You’ve got to admire LJ Trup. He landed a speculated £20,000 salary, as well as the CV points that come with being president of the student union of one of the best universities in the world. And he managed it all without giving a single thought to a policy that could improve the lives of Oxford students.
The result shocked many, but will have consequences beyond the student community. OUSU serves as our only direct method of negotiation with the University, and it will now be rendered ineffectual by Trup’s leadership.
The Vice Chancellor, who recently recommended increasing tuition fees to £16,000, must feel a greater degree of freedom to speak against students’ wishes in the knowledge that students care less now about representation than ever before.
Yet the effect of the election has even wider scale consequences. We’re all aware of the influence the University has – the Daily Mail, Independent and BBC all reported on the result – and Trup’s victory sends a clear message about students’ growing apathy towards decisions which affect their lives.
It seems clear that students are more eager to witness a joke election than be properly represented. Considering this, is it really a surprise that the government is so happy to break promises on tuition fees and go ahead with the privatisation of student loans? If we care so little about voicing our concerns, we cannot expect them to be considered in government policy on higher education funding.
However this isn’t just about university and national policy. OUSU does some excellent work, it’s just that a lot of this is aimed at the most vulnerable. Consider a few of OUSU’s campaigns; ‘It Happens Here’ raising awareness of sexual assault, ‘Mind Your Head’ supporting students with mental health problems, WomCam, the Campaign for Racial Awareness and Equality, the Disabled Students campaign and the LGBTQ campaign. Instead of working on raising awareness on these real and serious issues we’re left with a president who has promised us a collection of crayon scribbled joke policies.
I’m shocked at the arrogance of students who, just because they are free of mental health problems or financial difficulties, are happy to undermine our entire student union. One student’s tweet summarised it perfectly; “I can’t help but feel that Trup’s victory is a spit in the face of people who genuinely need OUSU’s help by those who don’t.” Perhaps if we had the empathy to realise that OUSU’s work is important to students in positions that are different to ourselves, then maybe we would’ve taken the election more seriously.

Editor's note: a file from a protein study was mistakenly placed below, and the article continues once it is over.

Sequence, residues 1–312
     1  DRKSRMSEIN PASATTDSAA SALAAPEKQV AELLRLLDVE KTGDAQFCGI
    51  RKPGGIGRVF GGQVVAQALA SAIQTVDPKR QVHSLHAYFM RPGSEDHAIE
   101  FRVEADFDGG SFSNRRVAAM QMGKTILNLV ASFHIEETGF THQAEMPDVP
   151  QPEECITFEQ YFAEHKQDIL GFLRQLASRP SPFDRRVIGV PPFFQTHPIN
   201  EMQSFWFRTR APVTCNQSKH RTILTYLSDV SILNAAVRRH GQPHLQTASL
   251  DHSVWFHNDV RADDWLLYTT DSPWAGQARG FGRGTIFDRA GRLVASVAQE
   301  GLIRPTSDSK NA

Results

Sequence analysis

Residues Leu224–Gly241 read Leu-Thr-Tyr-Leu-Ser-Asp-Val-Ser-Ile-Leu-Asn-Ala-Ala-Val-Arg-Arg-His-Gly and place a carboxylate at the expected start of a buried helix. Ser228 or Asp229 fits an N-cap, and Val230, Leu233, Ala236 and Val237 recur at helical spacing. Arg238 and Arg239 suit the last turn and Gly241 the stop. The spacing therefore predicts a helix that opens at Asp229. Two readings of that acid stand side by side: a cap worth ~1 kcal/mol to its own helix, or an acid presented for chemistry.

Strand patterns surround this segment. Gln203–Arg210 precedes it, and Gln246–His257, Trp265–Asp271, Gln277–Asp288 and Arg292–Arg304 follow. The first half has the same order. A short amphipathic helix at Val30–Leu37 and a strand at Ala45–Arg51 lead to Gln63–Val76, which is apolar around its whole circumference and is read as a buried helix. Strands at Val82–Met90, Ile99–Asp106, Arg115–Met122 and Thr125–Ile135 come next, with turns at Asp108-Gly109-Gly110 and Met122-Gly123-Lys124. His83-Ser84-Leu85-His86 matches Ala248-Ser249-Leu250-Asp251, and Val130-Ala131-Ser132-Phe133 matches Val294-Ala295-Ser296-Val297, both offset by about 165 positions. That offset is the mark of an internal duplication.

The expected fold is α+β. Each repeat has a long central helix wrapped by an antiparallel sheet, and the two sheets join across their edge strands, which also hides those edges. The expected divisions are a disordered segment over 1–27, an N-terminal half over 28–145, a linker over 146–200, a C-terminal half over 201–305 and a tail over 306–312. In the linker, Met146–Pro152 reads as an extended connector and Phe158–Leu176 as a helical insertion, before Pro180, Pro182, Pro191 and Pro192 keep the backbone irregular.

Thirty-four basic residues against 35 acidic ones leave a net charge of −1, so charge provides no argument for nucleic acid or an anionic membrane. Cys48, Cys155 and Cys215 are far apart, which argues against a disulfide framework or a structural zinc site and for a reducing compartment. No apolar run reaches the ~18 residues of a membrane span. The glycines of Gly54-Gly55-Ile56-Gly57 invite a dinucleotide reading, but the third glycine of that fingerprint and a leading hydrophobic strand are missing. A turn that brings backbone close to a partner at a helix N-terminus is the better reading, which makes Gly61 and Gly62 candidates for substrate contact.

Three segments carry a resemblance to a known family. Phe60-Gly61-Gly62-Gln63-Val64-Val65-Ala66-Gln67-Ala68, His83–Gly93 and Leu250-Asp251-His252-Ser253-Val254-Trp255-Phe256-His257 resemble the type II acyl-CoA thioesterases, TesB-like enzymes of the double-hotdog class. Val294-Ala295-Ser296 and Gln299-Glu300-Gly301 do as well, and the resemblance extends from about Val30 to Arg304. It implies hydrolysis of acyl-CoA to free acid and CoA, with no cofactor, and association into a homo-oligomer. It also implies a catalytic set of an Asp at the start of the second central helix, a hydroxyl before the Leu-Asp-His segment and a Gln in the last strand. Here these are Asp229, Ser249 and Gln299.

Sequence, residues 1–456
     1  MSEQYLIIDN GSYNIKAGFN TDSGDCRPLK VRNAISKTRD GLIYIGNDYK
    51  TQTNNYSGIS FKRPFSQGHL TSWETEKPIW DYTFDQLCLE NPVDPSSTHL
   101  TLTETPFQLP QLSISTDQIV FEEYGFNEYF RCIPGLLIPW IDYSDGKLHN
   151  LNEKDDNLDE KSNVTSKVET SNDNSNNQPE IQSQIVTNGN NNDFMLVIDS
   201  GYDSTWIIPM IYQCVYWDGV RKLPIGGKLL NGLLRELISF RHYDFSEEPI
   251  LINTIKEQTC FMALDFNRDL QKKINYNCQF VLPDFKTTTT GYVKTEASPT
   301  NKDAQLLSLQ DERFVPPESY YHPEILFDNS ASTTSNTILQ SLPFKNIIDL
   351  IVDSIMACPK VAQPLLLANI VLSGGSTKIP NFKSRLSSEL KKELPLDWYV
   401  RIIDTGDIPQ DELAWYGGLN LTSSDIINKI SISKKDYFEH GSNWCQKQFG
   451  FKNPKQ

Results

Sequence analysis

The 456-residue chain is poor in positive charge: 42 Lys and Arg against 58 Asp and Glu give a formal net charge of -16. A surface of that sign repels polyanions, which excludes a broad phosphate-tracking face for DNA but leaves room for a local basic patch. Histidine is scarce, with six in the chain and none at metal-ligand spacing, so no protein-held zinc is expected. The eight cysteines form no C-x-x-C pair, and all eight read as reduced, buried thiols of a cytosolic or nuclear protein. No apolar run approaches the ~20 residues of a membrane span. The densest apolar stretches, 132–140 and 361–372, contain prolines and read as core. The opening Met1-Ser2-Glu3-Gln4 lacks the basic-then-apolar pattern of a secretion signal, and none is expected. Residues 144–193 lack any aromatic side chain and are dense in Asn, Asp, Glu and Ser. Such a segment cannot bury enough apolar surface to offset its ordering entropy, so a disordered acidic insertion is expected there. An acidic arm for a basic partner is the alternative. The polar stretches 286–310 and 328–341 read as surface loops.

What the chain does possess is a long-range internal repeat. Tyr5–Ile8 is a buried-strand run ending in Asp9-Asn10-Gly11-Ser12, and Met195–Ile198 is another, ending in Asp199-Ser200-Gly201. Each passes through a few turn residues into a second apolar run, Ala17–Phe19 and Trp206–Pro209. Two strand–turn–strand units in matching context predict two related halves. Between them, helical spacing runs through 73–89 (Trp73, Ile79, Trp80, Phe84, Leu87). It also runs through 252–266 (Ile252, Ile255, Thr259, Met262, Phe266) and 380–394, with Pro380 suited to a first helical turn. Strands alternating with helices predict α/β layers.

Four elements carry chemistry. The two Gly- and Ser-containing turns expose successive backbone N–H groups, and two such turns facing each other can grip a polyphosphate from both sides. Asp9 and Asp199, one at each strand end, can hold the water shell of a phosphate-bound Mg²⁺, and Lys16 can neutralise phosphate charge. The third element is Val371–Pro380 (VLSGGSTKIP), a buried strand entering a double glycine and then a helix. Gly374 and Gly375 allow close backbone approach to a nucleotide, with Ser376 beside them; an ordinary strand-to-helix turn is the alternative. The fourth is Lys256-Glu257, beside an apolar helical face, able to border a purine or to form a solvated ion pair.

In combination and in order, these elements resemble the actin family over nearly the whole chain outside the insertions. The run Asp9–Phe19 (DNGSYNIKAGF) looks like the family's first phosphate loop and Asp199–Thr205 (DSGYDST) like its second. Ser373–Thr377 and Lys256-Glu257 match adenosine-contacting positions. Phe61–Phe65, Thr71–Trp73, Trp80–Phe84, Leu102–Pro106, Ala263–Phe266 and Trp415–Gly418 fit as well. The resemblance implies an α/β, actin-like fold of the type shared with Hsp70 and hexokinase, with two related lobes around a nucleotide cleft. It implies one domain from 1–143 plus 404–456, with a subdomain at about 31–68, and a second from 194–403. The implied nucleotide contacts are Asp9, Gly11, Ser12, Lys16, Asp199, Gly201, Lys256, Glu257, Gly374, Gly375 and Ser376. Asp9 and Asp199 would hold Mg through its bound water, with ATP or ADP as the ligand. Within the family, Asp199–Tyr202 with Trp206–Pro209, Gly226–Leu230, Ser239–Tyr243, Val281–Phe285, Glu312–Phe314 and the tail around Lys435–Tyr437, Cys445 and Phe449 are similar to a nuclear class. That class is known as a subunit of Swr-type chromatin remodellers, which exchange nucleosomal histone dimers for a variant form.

Of course, the election wasn’t a complete disaster. The humour added some much needed relief to the elections, and Trup’s stunts meant that voter turnout increased.
It is also promising to see an unorthodox candidate win, especially since candidates are so frequently written off – hopefully in future elections students will no longer need backing by OULC or Prescom before being considered a contender. It seemed Trup even surprised himself with his popularity, with a confused article in The Oxford Student to try and justify his campaign. He wrote of how he was fed up of student politicians dominating OUSU, which allegedly overshadowed progressive ideas that could improve students’ lives.
A bizarre claim, given that he ran a campaign which was fixated with charisma, extroversion and personality, without a single achievable policy on his manifesto. He also criticised slates for being “undemocratic.” However we are now in a situation where our OUSU president is free to choose whatever serious policy he decides on after winning the election, since he was busy planning cheap attention-seeking stunts beforehand.
We lack any policies to hold Trup accountable to – is this not the most undemocratic option of them all? As the joke wears off, students must feel a little deceived. “Read what candidates are saying and interrogate them” he suggested, whilst conveniently immunising himself from such interrogation by suggesting policies as ludicrous as building monorails.
It seems that LJ Trup is the quintessential student politician, with neither policies nor proposals of how to improve OUSU. Trup wants OUSU to be run by “fun students”, but we must remember what OUSU is for. There is nothing comical about mental health problems, sexual assault or homophobia; OUSU’s purpose is not to make students laugh. It is there to represent our views and to work on issues which affect students.
Maybe you’re lucky enough to not need a lot of the support it provides. But that’s not a reason to render it useless for those who do rely on its services. Turning OUSU into a joke is arrogant and immature; it deprives vulnerable students of essential support and leaves the entire student body without a voice.